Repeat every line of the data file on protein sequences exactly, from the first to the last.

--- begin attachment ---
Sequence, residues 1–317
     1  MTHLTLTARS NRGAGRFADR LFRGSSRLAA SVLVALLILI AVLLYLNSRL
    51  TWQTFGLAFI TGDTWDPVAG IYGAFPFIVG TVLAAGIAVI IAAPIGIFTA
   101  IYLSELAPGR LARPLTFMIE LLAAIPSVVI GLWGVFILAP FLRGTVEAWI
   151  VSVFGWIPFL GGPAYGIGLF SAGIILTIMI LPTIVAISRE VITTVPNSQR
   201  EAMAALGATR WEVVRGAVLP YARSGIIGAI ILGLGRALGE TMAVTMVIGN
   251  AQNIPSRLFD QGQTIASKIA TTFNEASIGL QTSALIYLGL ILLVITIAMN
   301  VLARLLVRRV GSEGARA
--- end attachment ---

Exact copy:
Sequence, residues 1–317
     1  MTHLTLTARS NRGAGRFADR LFRGSSRLAA SVLVALLILI AVLLYLNSRL
    51  TWQTFGLAFI TGDTWDPVAG IYGAFPFIVG TVLAAGIAVI IAAPIGIFTA
   101  IYLSELAPGR LARPLTFMIE LLAAIPSVVI GLWGVFILAP FLRGTVEAWI
   151  VSVFGWIPFL GGPAYGIGLF SAGIILTIMI LPTIVAISRE VITTVPNSQR
   201  EAMAALGATR WEVVRGAVLP YARSGIIGAI ILGLGRALGE TMAVTMVIGN
   251  AQNIPSRLFD QGQTIASKIA TTFNEASIGL QTSALIYLGL ILLVITIAMN
   301  VLARLLVRRV GSEGARA